University faculty analyze Youngkin’s executive order banning critical race theory

Virginia Gov. Glenn Youngkin signed an executive order banning the teaching of critical race theory and concepts like it in public education. CT File Photo

Katrina Lee, News Editor

Virginia Gov. Glenn Youngkin signed 11 executive actions on his first day in office on Jan. 15, the first of which ended “the use of inherently divisive concepts, including critical race theory and restoring excellence in K-12 public education in the Commonwealth,” according to the executive order. 

VCU professor of African American studies Adam Ewing said critical race theory is trying to investigate the history and the current “manifestations” of race.

“Critical race theory is just a way to try to understand the world. It is very important to take note when people take an idea or a set of tools and they turn it into a boogeyman,” Ewing said. “Why does the idea of investigation and knowledge production seem so scary?”

The order was one of Gov. Youngkin’s promises for his “Day One Game Plan,” which was part of his platform throughout his campaign for governor, according to his campaign website

“We’re going to press forward with a curriculum that includes listening to parents’ input, a curriculum that allows our children to run as fast as they can, teaching them how to think, enabling their dreams to soar. Friends, we are going to reestablish excellence in our schools.” Youngkin said in his election night address.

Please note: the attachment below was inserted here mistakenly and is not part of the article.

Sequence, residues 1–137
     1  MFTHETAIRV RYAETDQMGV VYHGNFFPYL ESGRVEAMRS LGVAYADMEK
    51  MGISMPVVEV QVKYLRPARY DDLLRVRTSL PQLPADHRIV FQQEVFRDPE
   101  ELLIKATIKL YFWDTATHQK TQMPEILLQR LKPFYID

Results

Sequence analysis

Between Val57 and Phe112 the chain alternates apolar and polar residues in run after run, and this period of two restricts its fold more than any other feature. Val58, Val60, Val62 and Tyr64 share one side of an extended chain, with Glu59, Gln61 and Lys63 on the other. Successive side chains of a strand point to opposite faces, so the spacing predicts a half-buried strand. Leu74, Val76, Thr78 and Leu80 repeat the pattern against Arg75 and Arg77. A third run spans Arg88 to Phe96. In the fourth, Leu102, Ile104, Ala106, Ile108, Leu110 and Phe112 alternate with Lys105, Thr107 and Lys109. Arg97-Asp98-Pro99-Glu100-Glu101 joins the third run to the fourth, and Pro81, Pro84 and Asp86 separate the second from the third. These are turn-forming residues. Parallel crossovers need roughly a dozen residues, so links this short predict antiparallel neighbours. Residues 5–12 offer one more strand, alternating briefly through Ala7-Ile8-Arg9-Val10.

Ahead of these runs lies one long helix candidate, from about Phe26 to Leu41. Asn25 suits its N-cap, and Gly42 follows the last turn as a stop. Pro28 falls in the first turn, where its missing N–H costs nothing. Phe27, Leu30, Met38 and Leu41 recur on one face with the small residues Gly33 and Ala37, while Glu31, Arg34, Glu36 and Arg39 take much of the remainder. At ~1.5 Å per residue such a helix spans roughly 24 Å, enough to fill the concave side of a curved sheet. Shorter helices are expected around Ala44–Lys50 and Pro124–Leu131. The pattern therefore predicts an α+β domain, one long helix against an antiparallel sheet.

Critical race theory is a framework of legal analysis that explains race as a “culturally invented” categorization utilized to oppress people of color, according to Encyclopedia Britannica

Critical race theory is not in the Virginia Department of Education’s curriculum, according to PolitiFact, as of Nov. 2021. 

“Critical Race Theory and its progeny, instruct students to only view life through the lens of race and presume that some students are consciously or unconsciously racist, sexist, or oppressive, and that other students are victims,” the order states.

The executive order’s rationale stated the teaching of critical race theory and concepts like it constitutes as political indoctrination in schools.  

Political indoctrination involves persuading people to believe certain ideas, values, and ideologies related to politics and governance, according to Sage Knowledge. 

Professor Ewing said that the executive order’s use of the term political indoctrination to describe critical race theory is contradictory.

“It’s interesting that it is being framed as political indoctrination. It’s a very Orwellian idea that you would invoke political indoctrination about people trying to learn something about their society as a way of restricting access to knowledge, which of course is the very definition of political indoctrination,” Ewing said. 

Critical race theory is a body of critical scholarship that grew out of the legal field and is a tool that has been expanded to interrogate how racism operates within society, Ewing said.